Rod’s leading | Landholders Driving Change

Old hand takes the reins

NQ Dry Tropics’ Rod Kerr will lead the Landholders Driving Change project until the end of the year.

I stepped in as project manager for the Landholders Driving Change project in February, and will be in the position until the end of this year.

I would like to acknowledge the role Lisa Hutchinson played in managing the project up to when she resigned from NQ Dry Tropics to pursue new adventures.

Lisa helped steer the LDC project team to deliver the project’s five activity areas:

  • BBB Grazing Support
  • Landscape Remediation
  • Influencing Other Land Managers
  • Policy Engagement
  • Exploring new Incentives

Progress on these is testament to the hard work and commitment of the BBB community, and the LDC team alongside LDC’s collaborators and delivery partners. 

Progress has been reported against 45 LDC milestones across the five activity areas. Of these, 87 per cent are complete with the remaining 13 per cent (19 milestones) in progress and due for completion at the end of this year.

I welcome Daniel Hazelman to the team, who brings with him more than 20 years’ civil engineering experience within the mining, government and private sectors. Dan will lead the Landscape Remediation area this year, and has hit the road running, having already visited multiple remediation sites in the BBB.

COVID-19 temporarily paused a number of project activities during March, namely field days. However NQ Dry Tropics, and the LDC team, have taken steps to maintain business continuity while minimising risks posed by COVID-19 to clients, contractors and the general public.

Where possible, many meetings and briefings have moved to an on-line platform, which is working well.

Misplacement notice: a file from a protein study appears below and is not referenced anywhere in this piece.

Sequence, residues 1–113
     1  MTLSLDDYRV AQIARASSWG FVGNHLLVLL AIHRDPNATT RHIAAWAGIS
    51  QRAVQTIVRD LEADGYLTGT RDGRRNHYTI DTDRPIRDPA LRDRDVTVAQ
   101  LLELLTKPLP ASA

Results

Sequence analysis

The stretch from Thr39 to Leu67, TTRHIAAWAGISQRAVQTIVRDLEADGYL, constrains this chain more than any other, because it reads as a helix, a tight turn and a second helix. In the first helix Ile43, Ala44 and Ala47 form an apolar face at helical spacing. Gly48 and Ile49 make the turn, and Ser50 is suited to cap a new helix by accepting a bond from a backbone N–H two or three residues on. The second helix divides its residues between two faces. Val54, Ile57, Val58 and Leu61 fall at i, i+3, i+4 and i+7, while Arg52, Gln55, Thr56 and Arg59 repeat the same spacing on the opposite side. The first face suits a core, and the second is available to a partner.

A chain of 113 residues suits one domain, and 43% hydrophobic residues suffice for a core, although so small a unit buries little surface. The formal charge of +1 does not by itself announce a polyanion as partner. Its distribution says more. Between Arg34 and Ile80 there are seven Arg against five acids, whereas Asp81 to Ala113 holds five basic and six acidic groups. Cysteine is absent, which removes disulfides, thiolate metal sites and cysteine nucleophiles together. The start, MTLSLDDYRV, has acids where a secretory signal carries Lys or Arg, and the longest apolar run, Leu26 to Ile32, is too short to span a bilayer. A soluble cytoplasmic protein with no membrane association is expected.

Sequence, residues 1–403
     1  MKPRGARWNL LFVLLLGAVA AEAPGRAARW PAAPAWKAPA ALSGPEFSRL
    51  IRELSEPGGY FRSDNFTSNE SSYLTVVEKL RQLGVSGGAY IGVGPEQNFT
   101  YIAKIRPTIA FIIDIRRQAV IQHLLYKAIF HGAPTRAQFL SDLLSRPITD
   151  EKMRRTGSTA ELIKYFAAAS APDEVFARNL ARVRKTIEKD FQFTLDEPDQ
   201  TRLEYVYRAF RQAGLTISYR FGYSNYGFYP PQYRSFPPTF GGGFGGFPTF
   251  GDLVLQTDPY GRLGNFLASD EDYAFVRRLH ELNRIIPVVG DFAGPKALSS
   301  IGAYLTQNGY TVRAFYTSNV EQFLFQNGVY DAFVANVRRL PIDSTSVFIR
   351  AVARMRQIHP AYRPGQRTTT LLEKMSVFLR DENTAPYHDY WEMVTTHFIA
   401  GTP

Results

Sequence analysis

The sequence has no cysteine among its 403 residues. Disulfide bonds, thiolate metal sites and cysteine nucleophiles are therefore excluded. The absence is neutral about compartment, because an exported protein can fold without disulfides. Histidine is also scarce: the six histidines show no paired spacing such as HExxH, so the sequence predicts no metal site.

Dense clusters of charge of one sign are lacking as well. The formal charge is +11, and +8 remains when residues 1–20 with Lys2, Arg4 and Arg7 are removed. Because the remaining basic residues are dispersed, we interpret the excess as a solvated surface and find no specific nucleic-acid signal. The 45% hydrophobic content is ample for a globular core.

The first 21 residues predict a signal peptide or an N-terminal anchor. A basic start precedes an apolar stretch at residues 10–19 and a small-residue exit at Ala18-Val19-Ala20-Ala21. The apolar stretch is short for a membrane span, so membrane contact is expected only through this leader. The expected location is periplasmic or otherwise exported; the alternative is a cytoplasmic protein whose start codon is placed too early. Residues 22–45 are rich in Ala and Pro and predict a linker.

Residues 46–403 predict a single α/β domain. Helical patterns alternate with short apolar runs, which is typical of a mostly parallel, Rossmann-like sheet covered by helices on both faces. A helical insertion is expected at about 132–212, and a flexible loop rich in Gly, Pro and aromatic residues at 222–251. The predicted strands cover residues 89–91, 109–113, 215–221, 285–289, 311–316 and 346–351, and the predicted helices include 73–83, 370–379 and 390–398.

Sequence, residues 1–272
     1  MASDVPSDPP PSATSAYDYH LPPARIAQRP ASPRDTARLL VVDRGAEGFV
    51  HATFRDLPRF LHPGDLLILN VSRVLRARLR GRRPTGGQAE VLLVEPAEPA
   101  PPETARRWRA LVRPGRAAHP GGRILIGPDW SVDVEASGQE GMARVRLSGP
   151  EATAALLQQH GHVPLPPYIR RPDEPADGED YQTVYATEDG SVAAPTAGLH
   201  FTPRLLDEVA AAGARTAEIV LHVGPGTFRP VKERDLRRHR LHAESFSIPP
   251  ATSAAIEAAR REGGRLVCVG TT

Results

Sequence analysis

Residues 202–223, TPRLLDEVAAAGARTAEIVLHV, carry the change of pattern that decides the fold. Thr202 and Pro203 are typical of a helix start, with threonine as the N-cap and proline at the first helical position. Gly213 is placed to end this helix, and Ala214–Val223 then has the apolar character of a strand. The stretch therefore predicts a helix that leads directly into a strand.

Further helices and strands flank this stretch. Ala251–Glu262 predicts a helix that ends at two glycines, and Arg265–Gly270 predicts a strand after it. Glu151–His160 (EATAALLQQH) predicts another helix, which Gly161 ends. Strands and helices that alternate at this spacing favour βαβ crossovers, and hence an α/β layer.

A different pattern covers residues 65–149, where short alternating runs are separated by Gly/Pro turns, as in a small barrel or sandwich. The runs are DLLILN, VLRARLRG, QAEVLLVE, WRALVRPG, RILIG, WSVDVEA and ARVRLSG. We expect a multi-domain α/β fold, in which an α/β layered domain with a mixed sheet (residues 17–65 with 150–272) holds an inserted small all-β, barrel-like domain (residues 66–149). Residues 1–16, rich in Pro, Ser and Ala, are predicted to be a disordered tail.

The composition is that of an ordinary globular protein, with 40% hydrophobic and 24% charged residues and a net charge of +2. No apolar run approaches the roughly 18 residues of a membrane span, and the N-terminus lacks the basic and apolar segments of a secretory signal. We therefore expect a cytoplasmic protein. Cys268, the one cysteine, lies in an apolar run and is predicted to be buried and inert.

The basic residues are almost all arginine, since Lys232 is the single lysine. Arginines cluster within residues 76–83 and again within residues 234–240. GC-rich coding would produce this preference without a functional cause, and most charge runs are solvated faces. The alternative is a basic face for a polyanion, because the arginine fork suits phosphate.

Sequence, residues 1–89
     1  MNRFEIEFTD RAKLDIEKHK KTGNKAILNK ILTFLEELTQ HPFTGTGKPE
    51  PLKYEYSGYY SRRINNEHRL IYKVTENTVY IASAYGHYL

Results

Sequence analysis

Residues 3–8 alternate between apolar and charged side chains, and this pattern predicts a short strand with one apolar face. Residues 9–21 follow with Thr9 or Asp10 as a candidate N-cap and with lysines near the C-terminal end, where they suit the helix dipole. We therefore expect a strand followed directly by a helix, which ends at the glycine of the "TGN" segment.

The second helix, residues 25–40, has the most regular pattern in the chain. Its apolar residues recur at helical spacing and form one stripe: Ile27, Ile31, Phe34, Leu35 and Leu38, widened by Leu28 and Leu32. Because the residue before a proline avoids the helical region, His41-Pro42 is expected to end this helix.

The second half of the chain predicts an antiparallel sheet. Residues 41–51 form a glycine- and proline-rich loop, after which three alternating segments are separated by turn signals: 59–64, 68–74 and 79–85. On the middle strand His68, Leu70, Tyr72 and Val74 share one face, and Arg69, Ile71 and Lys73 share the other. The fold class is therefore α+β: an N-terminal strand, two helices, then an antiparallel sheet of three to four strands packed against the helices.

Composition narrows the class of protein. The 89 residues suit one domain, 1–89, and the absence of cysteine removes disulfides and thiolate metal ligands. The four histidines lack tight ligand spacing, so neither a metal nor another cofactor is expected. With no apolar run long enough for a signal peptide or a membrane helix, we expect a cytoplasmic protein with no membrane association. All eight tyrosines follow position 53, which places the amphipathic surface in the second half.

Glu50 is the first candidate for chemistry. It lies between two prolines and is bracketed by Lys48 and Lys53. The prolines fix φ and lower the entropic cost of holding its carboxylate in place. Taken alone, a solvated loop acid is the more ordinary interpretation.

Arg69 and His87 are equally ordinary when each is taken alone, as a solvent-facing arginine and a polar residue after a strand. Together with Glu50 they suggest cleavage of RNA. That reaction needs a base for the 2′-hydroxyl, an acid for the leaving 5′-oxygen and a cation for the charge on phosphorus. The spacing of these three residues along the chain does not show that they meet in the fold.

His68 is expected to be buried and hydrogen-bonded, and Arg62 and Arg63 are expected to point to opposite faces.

The LDC team has committed to ensuring all planned events, field days and workshops will be held either later this year, or early next year, pending government advice. We will be in touch as soon as dates and venues are firmed up.

These events include:

  • Scottville cluster group field walk.
  • Eungella Soil and Pasture update.
  • Eungella Rainforest Recovery cluster group field day.
  • Breeder Management & Preg Testing school.
  • Mulloon Institute landscape rehydration site visits: includes Mulloon Institute in NSW, and Qld site visits Worona (near Charters Towers), and Flagstone (near Bowen).
  • Drone workshop at Mt Pleasant Learning Hub.
  • Community events to hear the latest about the LDC project.
  • Joint LDC – MLA Regenerative Agriculture group and Weeds group field days.

Due to COVID-19 restrictions, the annual celebration held in September may instead be a number of smaller events to ensure activities comply with government advice. We will provide updates as we get closer to the time.

The great news is the LDC project is on track and on budget. 

On-ground projects will be completed by the end of this year and the final report is due 31 July 2021.

Here’s to a successful 2020!

— LDC Manager Rod Kerr

NQ Dry Tropics’ LDC Project Manager Rod Kerr, right, with Glenn Dale (Verterra), left, and Dr Andrew Brooks of Griffith University at a Stomping Out Sediment Field Day.

Plenty of experience on which to draw

Rod lives on the Sunshine Coast and has been a fly in, fly out worker with NQ Dry Tropics since January 2013.

A sustainable agriculture consultant for many years, Rod has brought a wealth of knowledge to NQ Dry Tropics with a background as a Regional Landcare Coordinator, and eight years as the Business Development Manager for the Toowoomba based Queensland Murray-Darling Committee.

Since working with NQ Dry Tropics, Rod has undertaken a number of acting manager roles and was the project officer for the *Building Resilience in the Burdekin Grazing project which worked with Sonoma, Glenalpine and Tabletop stations on alternative grazing approaches. 

Rod is also currently the project officer for the **Burdekin Stomping Out Sediment project which is  working with six properties in the Bowen and Collinsville areas.

Rod helped to develop the original proposal for the Landholders Driving Change project. He has also worked on the project on a number of occasions since it started in December 2017. 

Most recently, he implemented the Mt Pleasant Demonstration Site and Learning Hub, which involves a number of components: